The UiO’s Research Prize awarded to Ole Andreassen
Andreassen has received the award for his contributions to uncovering the complex genetic architecture behind mental disorders and for key contributions to Norwegian mental health research.
“It is such an honour! It really is humbling for me as an individual to be awarded this prize from the University of Oslo, where there are so many brilliant researchers. At the same time, I see it as recognition of our entire research community, where many talented, creative researchers do amazing work. And I am also thrilled that research on mental health is being recognised as valuable – there is a great need for new knowledge in this field,” says the proud prize winner.
World-leading researcher on mental health
Ole Andreassen is a professor and head of the Norwegian Centre for Mental Disorders Research (NORMENT), a Centre of Excellence at the Institute of Clinical Medicine at the University of Oslo. In Norway, he has helped raise the status of mental health as an academic discipline. As a world-leading researcher, he has been instrumental in helping reduce the separation into mental and somatic in psychiatry.
He is renowned as a key builder of networks nationally and internationally as well as a brilliant disseminator. He has helped build up an outstanding research team that has been recognised with both a Centre of Excellence and the K.G. Jebsen Centre, with a focus on interdisciplinary research.
Big data and complex genetic architecture
The prize committee highlights Andreassen’s development of new analytical methods for big data that have helped reveal the complex genetic architecture of mental health disorders. This has since become the “new norm” in the field of psychiatry.
He has also demonstrated the potential clinical implications of the new findings. There is a large degree of shared genetic architecture between different mental health disorders, and between mental health disorders and, among other things, cognitive abilities.
Causal factors in multiple mental health disorders and brain diseases
Andreassen has made important discoveries about causal factors in mental health disorders, with a main focus on schizophrenia and bipolar disorder, but also within depression and eating disorders, autism and ADHD, as well as age-related brain diseases such as Alzheimer’s and Parkinson’s disease.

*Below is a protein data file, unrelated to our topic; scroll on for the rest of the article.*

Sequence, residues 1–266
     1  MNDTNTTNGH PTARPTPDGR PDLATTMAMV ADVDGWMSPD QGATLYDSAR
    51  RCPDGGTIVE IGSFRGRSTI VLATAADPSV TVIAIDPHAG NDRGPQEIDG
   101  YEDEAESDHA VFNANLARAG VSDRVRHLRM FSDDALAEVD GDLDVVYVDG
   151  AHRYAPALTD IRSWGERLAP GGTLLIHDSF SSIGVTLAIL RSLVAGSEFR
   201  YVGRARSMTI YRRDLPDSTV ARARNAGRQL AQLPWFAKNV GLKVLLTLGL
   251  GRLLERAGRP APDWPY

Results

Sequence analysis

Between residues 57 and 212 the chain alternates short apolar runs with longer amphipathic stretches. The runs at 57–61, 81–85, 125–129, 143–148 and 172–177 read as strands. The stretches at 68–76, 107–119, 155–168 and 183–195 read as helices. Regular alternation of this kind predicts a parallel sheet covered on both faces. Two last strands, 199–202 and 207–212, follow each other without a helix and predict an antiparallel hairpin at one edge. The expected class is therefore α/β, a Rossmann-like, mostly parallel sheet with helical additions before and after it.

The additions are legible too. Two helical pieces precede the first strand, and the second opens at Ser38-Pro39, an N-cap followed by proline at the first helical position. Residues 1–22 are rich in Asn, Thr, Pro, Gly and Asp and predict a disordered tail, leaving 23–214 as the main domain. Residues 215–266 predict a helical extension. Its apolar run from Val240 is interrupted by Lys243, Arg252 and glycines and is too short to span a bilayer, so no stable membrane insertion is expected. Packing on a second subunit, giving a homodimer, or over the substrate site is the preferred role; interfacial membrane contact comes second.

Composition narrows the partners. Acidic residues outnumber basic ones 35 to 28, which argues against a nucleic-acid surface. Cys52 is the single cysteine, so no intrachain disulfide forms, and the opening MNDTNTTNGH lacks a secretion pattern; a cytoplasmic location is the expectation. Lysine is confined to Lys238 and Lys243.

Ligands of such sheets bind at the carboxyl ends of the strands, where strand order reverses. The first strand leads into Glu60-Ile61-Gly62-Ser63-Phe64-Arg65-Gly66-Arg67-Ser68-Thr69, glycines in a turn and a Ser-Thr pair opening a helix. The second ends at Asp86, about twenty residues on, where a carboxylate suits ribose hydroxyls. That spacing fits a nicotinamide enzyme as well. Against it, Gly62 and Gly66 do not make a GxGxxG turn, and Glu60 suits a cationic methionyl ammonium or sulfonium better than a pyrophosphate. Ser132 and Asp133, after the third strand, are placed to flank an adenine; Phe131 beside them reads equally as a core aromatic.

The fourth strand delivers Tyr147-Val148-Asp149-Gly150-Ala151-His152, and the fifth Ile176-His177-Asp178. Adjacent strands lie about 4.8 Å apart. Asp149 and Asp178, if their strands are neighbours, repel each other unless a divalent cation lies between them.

A unanimous committee has chosen to recognise a central researcher in mental health, who through his role as head of the centre has made NORMENT an important international player in this field.
“The Faculty of Medicine is thrilled and very proud that this year’s University of Oslo Research Prize has been awarded to Professor Ole A. Andreassen. Ole’s outstanding research has made important contributions to both increasing understanding of biological mechanisms associated with mental health and a very fruitful convergence between different research environments. The Faculty would like to congratulate him on a very well-deserved award,” says Dean of Research Jens Petter Berg.
Head of Department Dag Kvale adds his congratulations:
“We would like to congratulate Ole A. Andreassen on winning the Research Prize! Needless to say, there is a huge amount of competition for these honorary awards in such a large organisation as the University of Oslo. We here at the Institute of Clinical Medicine are extremely proud today on behalf of Ole and the rest of the team.”
About the Research Prize
The University of Oslo’s Research Prize is awarded to a researcher, research group or research community that has excelled through outstanding research. The winner must be a national leader in their field, and – if the discipline exists in other countries – be recognised by leading overseas academic communities as well.
The prize consists of a monetary award of NOK 250,000 and a diploma, which will be presented at the University of Oslo’s Annual Celebration on 2 September.